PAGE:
Interfaith Service Prays to End Anti-Asian Violence and Violence Against Women

Georgetown’s Campus Ministry came together for an interfaith service to pray for an end to anti-Asian violence and violence against women in the wake of recent attacks. Ven. Yishan Qian, Sr. Thu Do, and Umbreen Akram, representing the Buddhist, Catholic, and Muslim traditions, prayed at the service. You can watch a recording here

In light of increased violence against the Asian American and Pacific Islander (AAPI) community, and recent murders in Atlanta and across the country, Georgetown came together last week to denounce hate crimes against AAPI and women. In a demonstration of solidarity with the AAPI community and others impacted by this hatred, and an affirmation of the university’s commitment to religious diversity, Campus Ministry hosted an interfaith service to pray for healing and for justice. You can watch a recording of the service here on the University’s Facebook page.

In addition to honoring the loss of innocent life, religious leaders summoned the Georgetown community to rise to the challenge of eradicating hatred and dismantling systems of racism that pervade our society: Rabbi Rachel Gartner, director of Jewish Life, invited us to have courage to speak truth to power–fueled by a righteous anger against hatred that is grounded in justice, not revenge; Umbreen Akram, Muslim residential minister in Henle Village, prayed for the empowerment of women and the rooting out of xenophobia; Rev. Ebony Grisom, interim director of Protestant Christian Ministry, asked us to repent our culture’s allegiance to toxic masculinity and white supremacy; Ven. Yisah Qian, Buddhist residential minister in Copley Hall, implored the community to see the interconnection of all beings and to experience an awakening in compassion; Sr. Thu Do, Roman Catholic residential minister in Village A, called on us to be prophets of reconciliation and peace who build up our communities in love; and Fr. Greg Schenden, director of campus ministry, appealed to our Jesuit principles and our Ignatian spirit in responding to the cries for justice.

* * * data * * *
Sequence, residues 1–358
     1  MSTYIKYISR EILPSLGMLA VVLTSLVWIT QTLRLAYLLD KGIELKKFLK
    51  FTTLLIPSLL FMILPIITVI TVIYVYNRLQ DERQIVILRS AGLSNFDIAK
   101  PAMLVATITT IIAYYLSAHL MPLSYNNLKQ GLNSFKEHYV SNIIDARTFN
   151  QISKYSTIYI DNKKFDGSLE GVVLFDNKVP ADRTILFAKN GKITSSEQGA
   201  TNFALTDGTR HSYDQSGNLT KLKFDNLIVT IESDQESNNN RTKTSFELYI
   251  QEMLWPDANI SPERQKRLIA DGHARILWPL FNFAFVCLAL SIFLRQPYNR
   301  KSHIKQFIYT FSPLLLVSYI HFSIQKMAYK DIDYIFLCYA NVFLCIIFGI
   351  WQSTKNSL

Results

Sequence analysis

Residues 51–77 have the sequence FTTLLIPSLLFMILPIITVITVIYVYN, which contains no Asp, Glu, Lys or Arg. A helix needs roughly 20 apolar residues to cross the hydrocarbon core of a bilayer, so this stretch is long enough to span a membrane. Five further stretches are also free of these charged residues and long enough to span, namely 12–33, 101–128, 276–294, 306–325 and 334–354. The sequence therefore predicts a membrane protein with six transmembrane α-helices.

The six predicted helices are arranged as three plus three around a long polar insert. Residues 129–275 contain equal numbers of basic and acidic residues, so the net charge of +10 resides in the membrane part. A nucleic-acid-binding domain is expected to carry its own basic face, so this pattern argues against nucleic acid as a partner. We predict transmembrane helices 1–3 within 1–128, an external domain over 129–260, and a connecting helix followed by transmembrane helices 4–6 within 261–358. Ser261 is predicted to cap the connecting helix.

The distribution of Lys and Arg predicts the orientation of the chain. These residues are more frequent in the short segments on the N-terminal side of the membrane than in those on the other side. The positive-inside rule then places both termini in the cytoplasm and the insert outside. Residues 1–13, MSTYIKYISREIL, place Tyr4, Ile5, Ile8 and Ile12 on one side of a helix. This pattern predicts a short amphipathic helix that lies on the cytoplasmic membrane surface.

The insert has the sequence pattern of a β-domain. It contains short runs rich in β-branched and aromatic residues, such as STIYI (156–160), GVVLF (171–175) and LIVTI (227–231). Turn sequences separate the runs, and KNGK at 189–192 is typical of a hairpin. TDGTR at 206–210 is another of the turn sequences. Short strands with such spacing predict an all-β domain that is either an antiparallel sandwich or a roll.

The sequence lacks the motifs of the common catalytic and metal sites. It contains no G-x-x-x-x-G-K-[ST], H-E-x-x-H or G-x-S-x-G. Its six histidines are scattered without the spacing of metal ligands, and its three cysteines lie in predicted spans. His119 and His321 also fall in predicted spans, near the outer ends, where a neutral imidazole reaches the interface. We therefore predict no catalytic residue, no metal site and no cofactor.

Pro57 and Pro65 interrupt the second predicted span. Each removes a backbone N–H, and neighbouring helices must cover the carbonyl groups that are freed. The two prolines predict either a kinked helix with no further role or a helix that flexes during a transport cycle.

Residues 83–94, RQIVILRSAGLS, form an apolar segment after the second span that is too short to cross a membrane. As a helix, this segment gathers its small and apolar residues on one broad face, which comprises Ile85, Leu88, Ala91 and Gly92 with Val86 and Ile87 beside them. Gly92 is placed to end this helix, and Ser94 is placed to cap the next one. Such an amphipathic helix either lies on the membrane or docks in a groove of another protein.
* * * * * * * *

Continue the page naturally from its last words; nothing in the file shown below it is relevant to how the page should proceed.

The prayer service was a powerful reminder of the strength of our community in diversity, a commitment at the heart of the Spirit of Georgetown. I invite you to experience the service for yourself and take to greater prayer and reflection on how we might work together to dismantle the structures of violence in our communities.